The Treasury Department, seeking new ways to help fund its budget deficit, is likely to announce on Wednesday a plan to ramp up sales of inflation-protected bonds, according to people familiar with the matter.
China, the largest holder of U.S. government debt, is among investors that have indicated to the Treasury that they want to buy more of the securities, which offer protection against rising inflation, the people said.
China is obviously the main motivation for the Treasury to issue TIPs, and hopefully Treasury won't have to return to Carter bonds (U.S. debt denominated in another currency). Later in the article the WSJ moves into analysis and gets it a bit wrong --
Boosting issuance of TIPS would be one tool the Treasury could use as part of its broader debt-sales program. The government will have issued a record $1.8 trillion of debt in the 12 months through September, most of which was debt that pays a fixed interest rate, unlike TIPS, which pay out more as inflation accelerates. . . .
. . . . Demand for the securities is likely to increase as the economy improves and heavy federal spending on priorities such as health care push prices higher. It also would leave taxpayers on the hook for elevated interest payments if inflation remains high.
That isn't exactly true unless the Federal budget has moved to accrual accounting. TIPs carry very small coupons, smaller than the coupons on regular issues of similar maturity because the coupon on TIPs is effectively the "real" interest rate while the coupon on regular debt pays the real rate plus an inflation premium demanded by the market.
TIPs produce a stable real return for its holders because the prinicpal adjusts with the rate of inflation as measured by CPI - not seasonally adjusted. The fixed TIPs coupon pays interest on the inflated principal and the inflated principal is due at maturity. If inflation is higher then the government pays out the same real dollars in coupon payments. The principal is now being adjusted downward because of CPI deflation (food and energy are included). If there is inflation new regular debt will come with a higher nominal coupon -- so the Treasury pays more that way as well.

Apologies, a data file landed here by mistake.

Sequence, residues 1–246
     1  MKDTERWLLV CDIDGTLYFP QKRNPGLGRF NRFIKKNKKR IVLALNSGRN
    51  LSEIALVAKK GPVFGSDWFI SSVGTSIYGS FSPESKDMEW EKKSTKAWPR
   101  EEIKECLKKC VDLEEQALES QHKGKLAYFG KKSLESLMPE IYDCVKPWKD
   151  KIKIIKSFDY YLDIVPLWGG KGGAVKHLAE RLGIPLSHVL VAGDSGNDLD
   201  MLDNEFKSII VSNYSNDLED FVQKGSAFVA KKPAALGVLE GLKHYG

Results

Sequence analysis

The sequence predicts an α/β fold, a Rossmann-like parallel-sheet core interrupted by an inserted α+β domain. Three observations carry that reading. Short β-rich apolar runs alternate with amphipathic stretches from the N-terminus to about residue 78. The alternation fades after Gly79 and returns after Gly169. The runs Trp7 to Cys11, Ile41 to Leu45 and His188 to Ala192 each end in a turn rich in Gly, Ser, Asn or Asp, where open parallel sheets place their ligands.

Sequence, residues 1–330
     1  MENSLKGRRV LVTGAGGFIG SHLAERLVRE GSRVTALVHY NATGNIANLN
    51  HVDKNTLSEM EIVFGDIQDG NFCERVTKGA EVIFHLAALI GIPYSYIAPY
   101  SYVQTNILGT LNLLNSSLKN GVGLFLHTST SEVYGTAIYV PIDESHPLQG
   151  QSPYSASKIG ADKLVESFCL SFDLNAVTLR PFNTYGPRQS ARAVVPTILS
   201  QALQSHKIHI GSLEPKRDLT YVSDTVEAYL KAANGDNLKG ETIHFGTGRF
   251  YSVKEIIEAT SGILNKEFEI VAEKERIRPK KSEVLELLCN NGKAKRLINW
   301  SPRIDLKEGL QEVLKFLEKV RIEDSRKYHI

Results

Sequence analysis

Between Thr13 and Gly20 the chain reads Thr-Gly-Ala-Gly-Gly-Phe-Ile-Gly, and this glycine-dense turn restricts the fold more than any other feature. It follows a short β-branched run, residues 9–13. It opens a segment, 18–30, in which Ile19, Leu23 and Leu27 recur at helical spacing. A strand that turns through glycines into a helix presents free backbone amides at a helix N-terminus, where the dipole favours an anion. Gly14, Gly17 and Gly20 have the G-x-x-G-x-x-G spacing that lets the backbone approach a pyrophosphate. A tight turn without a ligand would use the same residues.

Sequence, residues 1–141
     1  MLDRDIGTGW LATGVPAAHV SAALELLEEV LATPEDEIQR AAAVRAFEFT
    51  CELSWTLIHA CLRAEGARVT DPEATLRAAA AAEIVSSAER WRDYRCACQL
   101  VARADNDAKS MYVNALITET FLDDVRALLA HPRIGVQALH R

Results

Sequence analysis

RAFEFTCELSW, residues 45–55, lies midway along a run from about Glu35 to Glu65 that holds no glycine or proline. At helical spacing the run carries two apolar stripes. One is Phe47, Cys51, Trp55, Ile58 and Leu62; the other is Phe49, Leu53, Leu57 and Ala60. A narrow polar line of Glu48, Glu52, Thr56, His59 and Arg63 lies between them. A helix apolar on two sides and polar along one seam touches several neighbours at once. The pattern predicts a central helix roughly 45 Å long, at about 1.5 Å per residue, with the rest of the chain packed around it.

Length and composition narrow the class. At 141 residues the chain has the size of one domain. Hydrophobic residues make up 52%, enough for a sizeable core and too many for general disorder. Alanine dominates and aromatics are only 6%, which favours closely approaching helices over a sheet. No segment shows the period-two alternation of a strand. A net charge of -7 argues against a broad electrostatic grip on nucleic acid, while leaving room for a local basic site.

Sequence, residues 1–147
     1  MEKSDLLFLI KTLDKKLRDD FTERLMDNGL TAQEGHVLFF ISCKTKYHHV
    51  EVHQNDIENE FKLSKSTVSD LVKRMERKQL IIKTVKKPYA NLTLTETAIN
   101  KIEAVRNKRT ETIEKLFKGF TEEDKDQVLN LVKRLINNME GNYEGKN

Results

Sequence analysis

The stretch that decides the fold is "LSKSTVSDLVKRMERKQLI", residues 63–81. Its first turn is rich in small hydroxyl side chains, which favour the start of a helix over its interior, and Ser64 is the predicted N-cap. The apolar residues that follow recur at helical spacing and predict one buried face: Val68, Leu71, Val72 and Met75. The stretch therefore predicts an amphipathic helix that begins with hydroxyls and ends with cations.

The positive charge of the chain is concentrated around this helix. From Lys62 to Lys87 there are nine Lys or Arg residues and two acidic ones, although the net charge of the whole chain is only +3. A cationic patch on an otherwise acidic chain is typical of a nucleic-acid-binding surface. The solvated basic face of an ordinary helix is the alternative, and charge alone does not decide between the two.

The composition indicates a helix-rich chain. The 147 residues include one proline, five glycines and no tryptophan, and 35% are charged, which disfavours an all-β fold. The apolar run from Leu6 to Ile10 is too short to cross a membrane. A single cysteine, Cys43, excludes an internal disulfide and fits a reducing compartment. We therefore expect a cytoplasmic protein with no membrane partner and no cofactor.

As for the inflated principal owed at maturity (between now and then buyers and sellers pay each other the accrued inflation premium when trading) the Treasury will issue more debt to pay off the TIPs at that time -- issuing the same real amount they are issuing today. So, in fact, TIPs are at best a cheaper source of financing for Treasury than regular bonds and at worst TIPs cost Treasury about the same.
The article goes on --
After the tepid response to auctions of fixed-rate bonds last week, Treasury officials asked some primary dealers whether they would be amenable to a new issue of 30-year TIPS -- which haven't been sold since October 2001 -- instead of five-year or 20-year TIPS, according to people familiar with the matter.
Demand for TIPS auctions this year has been robust, with last week's $6 billion reopening of 20-year TIPS garnering the highest demand in two years. The TIPS didn't entice only traditional Treasurys investors, but also those investing in stocks and commodities.
Everyone usually isn't right and the events of the past several years have proven that markets aren't particularly efficient or rational. If there is one constant, however, it is that market participants have been consistently awful at pricing future inflation. But if the Treasury can tap a cheaper source of funding, whom am I to argue.